“In these past 20 years, we have seen several story lines play out that have impacted not just photography, but the cultural environment, as well,” he said. “When we started, the notion of photography as a legitimate art form was always being debated. So the first controversy was whether photography was really art.”
Then, in the early 2000s, with this debate set aside at least internationally and its position as an art form fairly well accepted, the new debate became over film versus digital. The current debate, Mehl said, is around photographs “as art forms per se, or as social agents for change.”
Yet for Mehl and the festival, “We don’t take sides. We don’t support any particular position. … What’s important to us is the image. If the image is successful and effective, that’s all we care about. We don’t care where the image came from, where it’s going, how it was achieved, or why — none of that is relevant to us.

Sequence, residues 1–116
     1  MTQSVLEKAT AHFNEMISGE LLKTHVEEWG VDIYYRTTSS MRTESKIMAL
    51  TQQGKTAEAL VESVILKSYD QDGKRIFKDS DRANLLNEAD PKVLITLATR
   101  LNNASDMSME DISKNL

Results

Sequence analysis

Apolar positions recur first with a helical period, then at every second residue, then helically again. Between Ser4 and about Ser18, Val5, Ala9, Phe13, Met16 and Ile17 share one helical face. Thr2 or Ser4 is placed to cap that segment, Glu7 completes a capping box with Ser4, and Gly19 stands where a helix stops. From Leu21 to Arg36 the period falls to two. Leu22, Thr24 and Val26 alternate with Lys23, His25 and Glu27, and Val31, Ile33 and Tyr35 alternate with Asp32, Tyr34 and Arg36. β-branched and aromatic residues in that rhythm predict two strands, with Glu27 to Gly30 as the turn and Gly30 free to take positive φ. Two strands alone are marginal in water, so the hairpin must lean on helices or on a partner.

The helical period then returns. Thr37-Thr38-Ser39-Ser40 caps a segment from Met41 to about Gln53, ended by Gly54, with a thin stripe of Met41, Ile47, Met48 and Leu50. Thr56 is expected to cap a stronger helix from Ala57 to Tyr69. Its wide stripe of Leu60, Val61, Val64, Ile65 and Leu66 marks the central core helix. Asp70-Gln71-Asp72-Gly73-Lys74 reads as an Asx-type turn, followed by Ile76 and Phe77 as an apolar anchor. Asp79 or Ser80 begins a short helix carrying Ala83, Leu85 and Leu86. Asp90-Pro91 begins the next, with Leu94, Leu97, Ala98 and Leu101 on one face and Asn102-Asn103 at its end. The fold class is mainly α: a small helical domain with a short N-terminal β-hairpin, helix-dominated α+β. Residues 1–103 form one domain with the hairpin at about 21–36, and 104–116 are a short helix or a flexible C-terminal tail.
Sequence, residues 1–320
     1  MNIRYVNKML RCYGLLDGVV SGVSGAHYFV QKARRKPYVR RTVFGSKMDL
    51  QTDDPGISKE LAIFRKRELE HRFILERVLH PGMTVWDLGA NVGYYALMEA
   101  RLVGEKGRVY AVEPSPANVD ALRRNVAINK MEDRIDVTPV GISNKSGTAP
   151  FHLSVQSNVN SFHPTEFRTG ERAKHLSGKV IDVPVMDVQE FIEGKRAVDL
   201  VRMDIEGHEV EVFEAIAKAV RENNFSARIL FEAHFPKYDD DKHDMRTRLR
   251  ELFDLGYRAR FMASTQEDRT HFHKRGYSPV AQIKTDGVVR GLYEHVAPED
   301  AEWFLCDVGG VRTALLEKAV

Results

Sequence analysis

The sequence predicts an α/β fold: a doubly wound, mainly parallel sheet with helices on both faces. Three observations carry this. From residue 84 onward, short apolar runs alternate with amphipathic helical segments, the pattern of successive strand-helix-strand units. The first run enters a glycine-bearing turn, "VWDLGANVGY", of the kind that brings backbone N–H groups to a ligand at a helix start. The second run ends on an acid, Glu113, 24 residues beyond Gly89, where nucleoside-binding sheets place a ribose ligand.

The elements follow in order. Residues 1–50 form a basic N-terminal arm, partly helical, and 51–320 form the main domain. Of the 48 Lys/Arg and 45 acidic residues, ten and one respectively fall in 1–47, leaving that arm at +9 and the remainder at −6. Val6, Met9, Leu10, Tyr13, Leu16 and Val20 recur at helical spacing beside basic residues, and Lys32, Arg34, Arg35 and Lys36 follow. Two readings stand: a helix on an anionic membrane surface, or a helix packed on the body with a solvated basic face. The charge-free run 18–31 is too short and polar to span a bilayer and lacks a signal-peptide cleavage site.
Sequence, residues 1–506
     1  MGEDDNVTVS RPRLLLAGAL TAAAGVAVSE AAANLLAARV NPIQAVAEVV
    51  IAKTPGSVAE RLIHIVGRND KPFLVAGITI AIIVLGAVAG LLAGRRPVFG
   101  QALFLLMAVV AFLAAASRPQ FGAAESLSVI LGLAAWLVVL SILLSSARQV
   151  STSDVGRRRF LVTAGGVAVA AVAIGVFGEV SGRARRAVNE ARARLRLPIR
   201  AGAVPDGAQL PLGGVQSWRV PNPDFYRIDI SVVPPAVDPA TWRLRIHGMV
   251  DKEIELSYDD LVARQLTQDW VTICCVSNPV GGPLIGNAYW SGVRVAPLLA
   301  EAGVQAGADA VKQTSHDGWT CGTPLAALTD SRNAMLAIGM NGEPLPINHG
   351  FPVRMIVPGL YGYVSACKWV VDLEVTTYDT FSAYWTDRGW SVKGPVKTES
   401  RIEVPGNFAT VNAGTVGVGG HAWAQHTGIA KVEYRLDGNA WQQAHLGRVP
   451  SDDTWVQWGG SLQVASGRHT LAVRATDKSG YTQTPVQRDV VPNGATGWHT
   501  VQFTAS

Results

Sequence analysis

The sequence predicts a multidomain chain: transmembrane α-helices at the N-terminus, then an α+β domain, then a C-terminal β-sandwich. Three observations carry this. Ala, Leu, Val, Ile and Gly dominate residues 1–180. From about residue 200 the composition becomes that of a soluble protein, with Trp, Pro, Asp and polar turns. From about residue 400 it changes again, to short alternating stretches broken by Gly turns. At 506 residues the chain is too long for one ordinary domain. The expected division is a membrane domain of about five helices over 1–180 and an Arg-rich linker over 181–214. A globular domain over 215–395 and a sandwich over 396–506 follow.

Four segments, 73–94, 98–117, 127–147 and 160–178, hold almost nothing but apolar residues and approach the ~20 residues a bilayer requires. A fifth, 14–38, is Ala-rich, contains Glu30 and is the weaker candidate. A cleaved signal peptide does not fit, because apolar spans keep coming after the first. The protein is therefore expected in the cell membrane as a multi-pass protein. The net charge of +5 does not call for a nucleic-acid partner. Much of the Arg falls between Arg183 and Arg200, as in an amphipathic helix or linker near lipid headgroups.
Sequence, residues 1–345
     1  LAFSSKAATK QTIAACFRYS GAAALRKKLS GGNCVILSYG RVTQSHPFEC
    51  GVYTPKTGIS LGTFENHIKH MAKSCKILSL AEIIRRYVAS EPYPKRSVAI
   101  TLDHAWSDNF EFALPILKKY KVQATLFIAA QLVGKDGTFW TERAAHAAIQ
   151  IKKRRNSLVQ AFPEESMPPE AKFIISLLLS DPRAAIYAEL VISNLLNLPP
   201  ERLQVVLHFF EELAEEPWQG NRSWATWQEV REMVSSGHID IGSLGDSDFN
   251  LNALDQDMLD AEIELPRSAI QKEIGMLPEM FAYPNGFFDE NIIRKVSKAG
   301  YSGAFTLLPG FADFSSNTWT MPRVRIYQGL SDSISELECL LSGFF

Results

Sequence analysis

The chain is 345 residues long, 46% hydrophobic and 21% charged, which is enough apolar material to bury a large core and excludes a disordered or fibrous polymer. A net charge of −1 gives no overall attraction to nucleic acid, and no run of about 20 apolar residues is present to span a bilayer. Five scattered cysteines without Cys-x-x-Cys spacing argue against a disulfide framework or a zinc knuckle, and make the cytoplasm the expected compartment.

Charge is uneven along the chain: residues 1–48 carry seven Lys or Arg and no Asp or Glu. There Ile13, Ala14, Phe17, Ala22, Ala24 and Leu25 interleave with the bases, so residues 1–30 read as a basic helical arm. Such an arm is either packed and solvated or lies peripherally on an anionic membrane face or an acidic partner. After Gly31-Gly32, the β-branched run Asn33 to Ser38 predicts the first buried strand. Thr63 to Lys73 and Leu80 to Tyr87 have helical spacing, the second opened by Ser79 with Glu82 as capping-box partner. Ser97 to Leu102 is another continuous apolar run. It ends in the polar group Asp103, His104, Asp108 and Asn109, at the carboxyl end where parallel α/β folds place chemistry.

“There’s a whole industry based around people describing what they do, and writing about what they do,” he said. “What we have figured out is that if your image, or what you are producing, is not strong enough to speak on its own and convey something on its own — then whatever you have to say about, however contrived or convoluted that may be, it will not actually make the image better – in fact, it will make it worse.”
Mehl said he prefers a purer, more elemental aspect. “We are focused on the artist, and we are focused on the image.”
*Featured/top image: Mr. and Mrs. Ochiai – Ibaraki, Japan, 2005. Photo by Mami Kiyoshi (Japan). Part of FotoSeptiembre’s SAFoto’s Web gallery.